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in connection with his literary career. I have therefore arranged the different chapters of this biography according to the leading episodes of his poetical life, a division by which the development of his motives and character can be exhibited without any serious departure from the natural sequence of events.

The Life of Pope also involves critical questions of the deepest interest, and in this part of the subject I have discussed, with some minuteness, the nature and extent of his poetical aims as defined in his own phrase of correctness.' I have pleased myself with thinking that, in following this course, I should have had the sympathy and approval of a friend to whose judgment, taste, and learning I owe a debt of gratitude that I can never sufficiently acknowledge. In the Essay on Pope to which I have already alluded, Conington examined in considerable detail the meaning of the word 'correctness." I am happy to find myself in substantial agreement with his conclusions, but whereas he limited his criticism to illustrating the operation of the principle in Pope's own works, I have attempted to show its bearing on the course of English poetry both before and after the age of Pope. I am far from flattering myself that, though treating the question as a whole, I have been able entirely to suppress those personal inclinations by which every

Miscellaneous Writings, Vol. I., pp. 3-16.

man who engages in a great controversy of taste is unconsciously biassed. But whether the opinion of the poet's merits offered in the concluding chapter be well-founded or not, I may be allowed to hope that, by this historical treatment of the subject, it will be possible to conduct any future discussion as to his place in English Literature on grounds more definite and positive than the arbitrary principles which governed the controversy in the early part of this century.

In acknowledging the assistance received in the course of my work, my thanks are in the first place due to the Marquis of Bath for the courtesy with which he has allowed me to transcribe from MSS. preserved at Longleat the letters actually written by Wycherley to Pope, and thus to complete the evidence as to the methods adopted by Pope in preparing his correspondence for publication. I should naturally desire to express my obligations to all the works of living authors which I have consulted for the purposes of the present volume. But they are too many to enumerate, and I must confine myself to mentioning, among those which I have consulted with most advantage, Mr. Leslie Stephen's Life of Pope in the Men of Letters' series, Mr. Gosse's Life of Gray in the same series, Mr. J. A. Symonds' 'Renaissance in Italy,' Mr. A. J. Butler's Dante, and Mr. Churton Collins''Bolingbroke.' I have also read with great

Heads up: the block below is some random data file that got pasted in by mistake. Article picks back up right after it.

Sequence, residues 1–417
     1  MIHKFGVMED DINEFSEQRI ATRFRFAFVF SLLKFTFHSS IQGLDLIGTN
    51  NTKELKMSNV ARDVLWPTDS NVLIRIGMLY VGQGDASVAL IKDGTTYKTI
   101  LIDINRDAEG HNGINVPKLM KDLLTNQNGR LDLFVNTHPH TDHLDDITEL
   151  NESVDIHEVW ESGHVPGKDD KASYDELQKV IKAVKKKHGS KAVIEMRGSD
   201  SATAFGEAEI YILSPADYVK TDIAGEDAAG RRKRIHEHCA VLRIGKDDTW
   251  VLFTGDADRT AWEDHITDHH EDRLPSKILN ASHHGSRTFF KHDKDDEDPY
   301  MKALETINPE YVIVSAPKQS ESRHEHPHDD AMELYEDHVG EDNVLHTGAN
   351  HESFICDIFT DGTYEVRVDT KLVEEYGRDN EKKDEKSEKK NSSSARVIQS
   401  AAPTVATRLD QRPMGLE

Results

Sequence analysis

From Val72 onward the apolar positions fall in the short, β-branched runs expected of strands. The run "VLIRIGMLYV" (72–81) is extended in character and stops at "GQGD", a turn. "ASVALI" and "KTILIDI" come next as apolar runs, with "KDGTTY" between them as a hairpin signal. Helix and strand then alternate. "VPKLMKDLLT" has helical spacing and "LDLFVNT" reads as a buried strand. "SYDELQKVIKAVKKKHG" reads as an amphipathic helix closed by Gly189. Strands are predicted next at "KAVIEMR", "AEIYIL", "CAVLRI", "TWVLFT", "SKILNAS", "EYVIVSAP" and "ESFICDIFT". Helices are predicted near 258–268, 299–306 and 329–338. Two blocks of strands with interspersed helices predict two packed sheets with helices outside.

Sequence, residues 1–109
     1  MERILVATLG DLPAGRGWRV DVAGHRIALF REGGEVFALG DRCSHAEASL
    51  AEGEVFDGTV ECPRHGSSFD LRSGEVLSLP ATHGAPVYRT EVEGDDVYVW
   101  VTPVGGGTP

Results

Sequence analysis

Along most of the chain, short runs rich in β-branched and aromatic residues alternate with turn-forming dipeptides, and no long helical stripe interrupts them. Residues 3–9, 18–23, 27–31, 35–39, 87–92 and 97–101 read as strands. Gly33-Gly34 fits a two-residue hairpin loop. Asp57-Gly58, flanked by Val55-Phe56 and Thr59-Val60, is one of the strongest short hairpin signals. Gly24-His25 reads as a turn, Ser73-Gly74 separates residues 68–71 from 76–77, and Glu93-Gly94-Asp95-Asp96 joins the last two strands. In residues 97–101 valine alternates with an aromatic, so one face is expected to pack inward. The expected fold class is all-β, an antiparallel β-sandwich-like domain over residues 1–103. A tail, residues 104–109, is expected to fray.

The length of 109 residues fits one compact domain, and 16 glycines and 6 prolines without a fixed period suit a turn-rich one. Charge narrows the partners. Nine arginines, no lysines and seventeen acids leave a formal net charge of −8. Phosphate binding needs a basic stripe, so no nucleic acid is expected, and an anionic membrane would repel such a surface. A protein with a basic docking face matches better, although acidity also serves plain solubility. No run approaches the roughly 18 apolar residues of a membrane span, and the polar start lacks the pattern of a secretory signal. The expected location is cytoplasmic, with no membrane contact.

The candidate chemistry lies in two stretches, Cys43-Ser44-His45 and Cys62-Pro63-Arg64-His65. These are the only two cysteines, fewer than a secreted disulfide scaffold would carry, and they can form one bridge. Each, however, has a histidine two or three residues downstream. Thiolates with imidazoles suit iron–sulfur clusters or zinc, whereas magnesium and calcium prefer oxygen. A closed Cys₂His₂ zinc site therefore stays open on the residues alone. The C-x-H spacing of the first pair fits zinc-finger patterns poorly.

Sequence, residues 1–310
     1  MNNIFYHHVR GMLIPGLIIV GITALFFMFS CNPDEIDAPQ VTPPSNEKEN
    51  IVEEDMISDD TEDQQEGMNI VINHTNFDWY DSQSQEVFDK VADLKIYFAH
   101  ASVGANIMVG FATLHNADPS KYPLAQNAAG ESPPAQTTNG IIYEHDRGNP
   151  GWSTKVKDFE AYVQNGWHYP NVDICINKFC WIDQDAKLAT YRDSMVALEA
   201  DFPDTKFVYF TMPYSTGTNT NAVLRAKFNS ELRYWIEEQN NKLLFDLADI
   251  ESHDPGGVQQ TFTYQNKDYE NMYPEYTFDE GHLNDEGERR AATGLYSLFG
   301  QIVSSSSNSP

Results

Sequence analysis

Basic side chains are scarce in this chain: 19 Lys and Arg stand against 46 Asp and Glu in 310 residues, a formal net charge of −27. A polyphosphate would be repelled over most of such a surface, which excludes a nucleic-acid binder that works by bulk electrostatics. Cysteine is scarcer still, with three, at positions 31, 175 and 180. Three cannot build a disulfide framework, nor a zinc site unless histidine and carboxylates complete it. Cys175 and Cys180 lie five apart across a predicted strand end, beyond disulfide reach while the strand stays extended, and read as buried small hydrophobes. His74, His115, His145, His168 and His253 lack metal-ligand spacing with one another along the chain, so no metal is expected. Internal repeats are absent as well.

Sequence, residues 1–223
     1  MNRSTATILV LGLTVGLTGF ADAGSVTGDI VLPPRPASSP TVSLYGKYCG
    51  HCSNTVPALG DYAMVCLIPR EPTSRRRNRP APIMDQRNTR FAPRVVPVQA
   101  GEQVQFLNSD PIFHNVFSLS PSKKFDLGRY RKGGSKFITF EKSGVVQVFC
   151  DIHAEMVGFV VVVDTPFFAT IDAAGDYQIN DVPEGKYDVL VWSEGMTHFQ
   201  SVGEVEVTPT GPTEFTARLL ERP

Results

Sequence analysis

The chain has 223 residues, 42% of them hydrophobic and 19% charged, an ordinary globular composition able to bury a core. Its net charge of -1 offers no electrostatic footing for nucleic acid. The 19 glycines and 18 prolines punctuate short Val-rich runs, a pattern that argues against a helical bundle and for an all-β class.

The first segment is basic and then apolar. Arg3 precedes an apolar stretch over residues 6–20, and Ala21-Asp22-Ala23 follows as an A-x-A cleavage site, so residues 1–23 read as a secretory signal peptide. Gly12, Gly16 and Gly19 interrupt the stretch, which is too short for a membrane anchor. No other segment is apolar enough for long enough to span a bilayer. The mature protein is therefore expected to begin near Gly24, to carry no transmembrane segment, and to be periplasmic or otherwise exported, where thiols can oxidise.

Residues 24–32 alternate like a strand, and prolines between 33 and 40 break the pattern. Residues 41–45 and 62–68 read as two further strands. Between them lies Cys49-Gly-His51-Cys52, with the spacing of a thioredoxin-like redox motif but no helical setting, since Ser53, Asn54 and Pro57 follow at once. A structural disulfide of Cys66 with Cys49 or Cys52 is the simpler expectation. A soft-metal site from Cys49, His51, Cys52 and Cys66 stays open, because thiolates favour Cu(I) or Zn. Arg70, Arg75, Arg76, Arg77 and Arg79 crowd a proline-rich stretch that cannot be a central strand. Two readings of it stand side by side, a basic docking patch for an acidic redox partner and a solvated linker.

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interest a very valuable and suggestive Essay on Pope in the number of the 'Revue des Deux Mondes' for March, 1888, by M. Emile Montégut, which shows the effect that the poet's work still produces on the best minds in foreign countries. Finally I must return my sincere thanks to Mr. Fortescue, Superintendent of the Reading Room of the British Museum, for the unfailing kindness he has shown in providing me with every convenience for research on the too few occasions on which I have been able to avail myself of the resources of the Museum Library.

W. J. C

Pages 62 and 356. For "Conceptualists" read "Conceptistas."

Page 104. For "quatre temps on vigile," read "quatre temps ou vigile."

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153. For "letting his imagination monopolise the action he was about to describe in English verse," read "letting the action, &c., monopolise his imagination."

170. Stanza ii. v. 1. After "Did I not see

186. Note 2. For "Vol. X." read "Vol. IX."

"insert "thee."

216. In sentence beginning: "It does not indeed follow that, because he failed," omit “that.”

262. For "to whom he was married later in the same year," read "to whom he had been married earlier in the same year."

291. For "clandestine correspondence" read "clandestine publication."

349. For "when she wrote to him her first dated letter," read “when he wrote to her, &c."

359. For "for forms of faith" read "for modes of faith."

371. For "by the common language of the peasantry,” read “in the common language, &c."

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